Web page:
Knowing the cost of a laboratory tests makes doctors less inclined to order them for hospitalized patients, according to a new study in JAMA Internal Medicine. About $226 billion was wasted on unnecessary tests in 2011, according to the study from researchers at The Johns Hopkins University School of Medicine in Baltimore. Unnecessary tests also increase the risk of patient harm and false positives. "The rational approach to ordering tests is something we should all be interested in, and something—if we did better—that would save the system money and save the patients the horror of causing harm," said Leonard Feldman, MD, of Johns Hopkins. Read more on access to health care.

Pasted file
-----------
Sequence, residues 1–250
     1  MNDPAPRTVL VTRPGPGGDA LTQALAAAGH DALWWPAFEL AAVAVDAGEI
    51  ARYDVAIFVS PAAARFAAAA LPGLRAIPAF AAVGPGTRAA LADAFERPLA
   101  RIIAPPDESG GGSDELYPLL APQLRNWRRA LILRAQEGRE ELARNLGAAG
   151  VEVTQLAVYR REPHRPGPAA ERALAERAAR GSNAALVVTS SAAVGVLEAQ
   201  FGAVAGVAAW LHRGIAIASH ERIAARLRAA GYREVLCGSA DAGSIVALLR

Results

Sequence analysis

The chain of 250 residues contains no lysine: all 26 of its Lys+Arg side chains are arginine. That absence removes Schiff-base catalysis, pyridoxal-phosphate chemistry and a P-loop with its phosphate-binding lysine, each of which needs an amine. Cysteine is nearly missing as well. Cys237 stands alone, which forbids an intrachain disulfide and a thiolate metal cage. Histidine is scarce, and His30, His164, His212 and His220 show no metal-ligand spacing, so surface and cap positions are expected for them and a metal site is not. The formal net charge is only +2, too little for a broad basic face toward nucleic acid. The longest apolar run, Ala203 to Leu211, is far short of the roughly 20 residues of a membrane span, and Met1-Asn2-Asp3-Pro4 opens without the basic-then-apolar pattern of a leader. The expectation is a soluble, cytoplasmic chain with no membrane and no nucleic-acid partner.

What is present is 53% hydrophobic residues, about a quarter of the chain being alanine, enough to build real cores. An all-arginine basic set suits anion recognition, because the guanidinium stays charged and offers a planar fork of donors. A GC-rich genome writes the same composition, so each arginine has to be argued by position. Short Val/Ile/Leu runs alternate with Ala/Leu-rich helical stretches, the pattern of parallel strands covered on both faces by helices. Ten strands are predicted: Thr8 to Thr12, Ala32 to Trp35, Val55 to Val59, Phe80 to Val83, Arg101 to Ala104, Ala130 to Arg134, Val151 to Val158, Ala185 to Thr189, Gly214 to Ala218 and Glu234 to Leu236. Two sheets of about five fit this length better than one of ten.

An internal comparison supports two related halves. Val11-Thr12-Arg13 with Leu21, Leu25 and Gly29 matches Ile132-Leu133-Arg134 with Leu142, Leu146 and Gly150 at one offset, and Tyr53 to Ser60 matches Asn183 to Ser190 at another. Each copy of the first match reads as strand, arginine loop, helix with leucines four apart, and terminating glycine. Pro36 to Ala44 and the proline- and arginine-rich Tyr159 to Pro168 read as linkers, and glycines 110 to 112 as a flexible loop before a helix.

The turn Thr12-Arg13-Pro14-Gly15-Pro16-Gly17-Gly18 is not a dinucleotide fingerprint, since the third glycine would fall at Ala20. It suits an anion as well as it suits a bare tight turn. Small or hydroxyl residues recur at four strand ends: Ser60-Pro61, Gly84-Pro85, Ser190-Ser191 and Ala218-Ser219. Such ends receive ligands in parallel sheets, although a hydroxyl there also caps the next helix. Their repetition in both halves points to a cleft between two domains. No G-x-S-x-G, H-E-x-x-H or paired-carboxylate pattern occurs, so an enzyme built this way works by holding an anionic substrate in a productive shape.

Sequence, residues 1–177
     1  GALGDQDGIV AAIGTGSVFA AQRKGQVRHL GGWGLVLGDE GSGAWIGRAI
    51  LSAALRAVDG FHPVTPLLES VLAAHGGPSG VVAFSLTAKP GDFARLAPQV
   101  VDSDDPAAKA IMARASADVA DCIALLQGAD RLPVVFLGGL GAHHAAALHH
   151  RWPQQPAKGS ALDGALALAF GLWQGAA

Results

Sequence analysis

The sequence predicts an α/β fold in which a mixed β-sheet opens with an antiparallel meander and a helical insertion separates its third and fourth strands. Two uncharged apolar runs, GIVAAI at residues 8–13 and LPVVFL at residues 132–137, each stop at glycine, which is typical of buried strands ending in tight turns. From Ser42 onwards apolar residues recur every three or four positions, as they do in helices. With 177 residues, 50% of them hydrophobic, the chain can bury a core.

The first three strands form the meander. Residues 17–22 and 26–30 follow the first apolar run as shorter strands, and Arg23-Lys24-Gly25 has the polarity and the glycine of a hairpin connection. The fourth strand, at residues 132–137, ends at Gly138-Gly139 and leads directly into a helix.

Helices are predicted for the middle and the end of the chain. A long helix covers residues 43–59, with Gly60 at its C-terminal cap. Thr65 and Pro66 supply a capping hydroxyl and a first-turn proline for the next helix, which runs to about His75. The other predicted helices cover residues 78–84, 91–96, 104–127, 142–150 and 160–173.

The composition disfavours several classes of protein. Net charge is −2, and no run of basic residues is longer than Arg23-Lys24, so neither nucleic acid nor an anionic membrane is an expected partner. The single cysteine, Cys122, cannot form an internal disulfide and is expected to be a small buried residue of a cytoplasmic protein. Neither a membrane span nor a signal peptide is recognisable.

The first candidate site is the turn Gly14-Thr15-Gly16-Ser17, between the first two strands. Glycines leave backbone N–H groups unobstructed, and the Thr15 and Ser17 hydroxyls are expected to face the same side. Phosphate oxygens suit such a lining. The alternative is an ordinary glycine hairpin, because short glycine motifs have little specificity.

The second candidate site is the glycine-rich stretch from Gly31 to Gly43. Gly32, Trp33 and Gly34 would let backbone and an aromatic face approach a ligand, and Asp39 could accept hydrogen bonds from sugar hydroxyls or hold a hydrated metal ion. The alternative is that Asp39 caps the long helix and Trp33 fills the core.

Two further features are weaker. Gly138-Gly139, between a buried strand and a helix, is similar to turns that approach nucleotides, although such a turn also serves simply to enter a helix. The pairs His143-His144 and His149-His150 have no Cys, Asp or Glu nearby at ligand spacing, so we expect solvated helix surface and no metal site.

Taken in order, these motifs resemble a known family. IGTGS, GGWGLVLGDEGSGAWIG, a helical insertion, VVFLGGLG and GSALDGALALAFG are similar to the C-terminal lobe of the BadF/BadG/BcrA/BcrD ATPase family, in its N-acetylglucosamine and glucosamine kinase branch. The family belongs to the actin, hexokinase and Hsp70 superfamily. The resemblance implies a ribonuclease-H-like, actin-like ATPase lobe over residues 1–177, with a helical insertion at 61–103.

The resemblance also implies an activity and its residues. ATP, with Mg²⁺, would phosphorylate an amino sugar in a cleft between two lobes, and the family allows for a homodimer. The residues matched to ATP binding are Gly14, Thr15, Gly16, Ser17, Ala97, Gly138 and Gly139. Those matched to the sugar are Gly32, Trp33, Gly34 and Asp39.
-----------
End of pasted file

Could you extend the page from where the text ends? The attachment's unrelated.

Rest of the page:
Mass. Study Shows Importance of Simplifying Health Insurance Benefits Options
Just six months before open enrollment for the Affordable Care Act’s health insurance marketplaces begins, a new study in the journal Health Affairs shows that some Massachusetts families who enrolled in unsubsidized Commonwealth Health Insurance Connector Authority plans experienced higher financial burdens due to health care costs. The study found that 38 percent saw financial burdens and 45 percent saw higher-than-expected out-of-pocket costs—indicating that lower-income families with increased health care needs and multiple children are at particular risk for higher costs. “Given the complexity of health insurance choices and consumers’ limited understanding of health insurance benefits, policy makers need to reach out and simplify information to promote optimal plan choices for the people,” wrote the study’s authors. Read more on community health.
CSPI Classifies Ginkgo Biloba as ‘Avoid’